We app makers want our apps to ace all metrics. We want the numbers to climb, be it in the name of engagement, retention, conversion, stickiness, net promoter score or any other fascinating new metric out there. But the most important metric that essentially decides all these other metrics is the one and only – user happiness.
If your users are happy with your app, they will engage more, convert more and spend more. They will promote your app via word of mouth, which still reigns as the one thing consumers trust most. Not only that, happy users are more likely to forgive any occasional issues that arise in the app, and are more patient with you in general. Happy users are the ones who become loyal customers and brand advocates. And did I mention that loyal customers spend up to 67% more than new customers. Happy users make you happier by validating all your hard work and make your late nights and million lines of code entirely worth the effort.
If you aren’t already teaming with excitement to go out and make your users happy today, then take a quick minute to read the above paragraph one more time.
How to Measure User Happiness
Despite being the most pivotal determinant, happiness is a rather obscure metric to measure. Just how do you quantify user happiness?
There are a few ways.
For starters, all the engagement metrics such as retention rate, churn rate, total life time value and average session intervals are a fair indicator of how users feel about your app. However, for a more defined, measurable result, you need something more.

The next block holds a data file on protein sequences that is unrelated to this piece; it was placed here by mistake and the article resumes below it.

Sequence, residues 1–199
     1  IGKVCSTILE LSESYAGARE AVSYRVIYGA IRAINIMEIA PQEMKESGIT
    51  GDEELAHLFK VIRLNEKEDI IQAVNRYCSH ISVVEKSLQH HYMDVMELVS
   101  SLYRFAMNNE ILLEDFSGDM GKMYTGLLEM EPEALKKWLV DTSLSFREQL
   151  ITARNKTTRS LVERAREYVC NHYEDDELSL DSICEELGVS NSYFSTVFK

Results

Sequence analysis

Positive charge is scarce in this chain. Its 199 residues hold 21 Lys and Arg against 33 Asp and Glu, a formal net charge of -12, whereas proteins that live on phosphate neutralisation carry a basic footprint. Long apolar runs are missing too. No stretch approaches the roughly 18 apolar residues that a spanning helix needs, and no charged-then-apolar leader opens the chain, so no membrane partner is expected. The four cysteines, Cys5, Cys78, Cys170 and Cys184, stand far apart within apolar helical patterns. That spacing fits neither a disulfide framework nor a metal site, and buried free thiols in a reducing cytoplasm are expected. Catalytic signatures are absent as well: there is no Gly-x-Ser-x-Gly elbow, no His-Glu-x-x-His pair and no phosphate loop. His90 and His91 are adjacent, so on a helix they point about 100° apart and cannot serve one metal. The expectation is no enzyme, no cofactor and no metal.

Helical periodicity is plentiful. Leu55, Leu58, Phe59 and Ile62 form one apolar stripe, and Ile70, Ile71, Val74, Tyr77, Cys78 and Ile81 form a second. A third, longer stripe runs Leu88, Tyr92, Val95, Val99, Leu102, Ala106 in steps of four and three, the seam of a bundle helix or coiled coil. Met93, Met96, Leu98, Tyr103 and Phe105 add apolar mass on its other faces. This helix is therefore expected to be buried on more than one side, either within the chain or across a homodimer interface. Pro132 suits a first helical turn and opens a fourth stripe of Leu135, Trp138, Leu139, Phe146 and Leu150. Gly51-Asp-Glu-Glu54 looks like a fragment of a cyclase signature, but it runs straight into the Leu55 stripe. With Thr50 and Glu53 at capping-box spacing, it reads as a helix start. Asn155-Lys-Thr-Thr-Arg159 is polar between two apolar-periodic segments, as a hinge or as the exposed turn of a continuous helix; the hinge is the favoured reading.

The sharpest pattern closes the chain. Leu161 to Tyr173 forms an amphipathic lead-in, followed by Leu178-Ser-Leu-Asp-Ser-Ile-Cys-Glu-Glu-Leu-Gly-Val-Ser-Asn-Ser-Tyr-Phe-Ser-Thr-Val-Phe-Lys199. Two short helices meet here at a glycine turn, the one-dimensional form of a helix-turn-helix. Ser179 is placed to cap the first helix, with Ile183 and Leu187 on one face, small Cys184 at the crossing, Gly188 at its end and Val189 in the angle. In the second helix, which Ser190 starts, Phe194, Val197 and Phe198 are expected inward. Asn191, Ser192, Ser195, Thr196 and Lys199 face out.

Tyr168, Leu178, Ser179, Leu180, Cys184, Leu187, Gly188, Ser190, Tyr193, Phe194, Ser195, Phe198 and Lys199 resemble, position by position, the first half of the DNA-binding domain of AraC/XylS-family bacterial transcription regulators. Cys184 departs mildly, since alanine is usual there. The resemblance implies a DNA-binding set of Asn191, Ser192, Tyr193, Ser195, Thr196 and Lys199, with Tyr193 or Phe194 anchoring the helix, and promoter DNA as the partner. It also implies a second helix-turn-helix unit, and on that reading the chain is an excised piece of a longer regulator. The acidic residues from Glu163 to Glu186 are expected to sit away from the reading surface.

The oft-used metric is the Net Promoter Score or NPS, which measures customer satisfaction and loyalty. It involved asking the user to fill out a survey indicating their satisfaction level. All the other ways to gauge user happiness too primarily hinge on surveys and feedback forms.
As Tomer Sharon, Head of User Research and Metrics, Goldman Sachs, puts it,
“User happiness is a self-reported metric, which means you have to ask people to rate their happiness rather than tracking their behavior”.
So that’s what you do – you ask your users how happy they are with you. Ratings, surveys and other creative ways to get feedback are the most direct and effective tools to measure user happiness. But doing feedback well is an art you must skillfully master. Asking the wrong people the wrong questions at the wrong times could do more harm than help.
Feedback Best Practices
Now it is a well established fact that people aren’t thrilled about filling out surveys. From a user’s perspective, surveys are a lot of hard work. Deciding whether they are slightly happy or moderately happy is a dilemma. When their experience is not quite 4/5 but they also don’t want to go as low as 3/5, there’s more confusion. All such surveys are a ton of cognitive load you cannot expect users to willfully accept.
You need to make it easy, fun and probably rewarding for them to provide you the feedback you really need. So here are a few feedback best practices you need to follow:
Keep Surveys Short
Can you pack a punch in a one-question survey? It’s a win if you can, really. No one likes too many questions.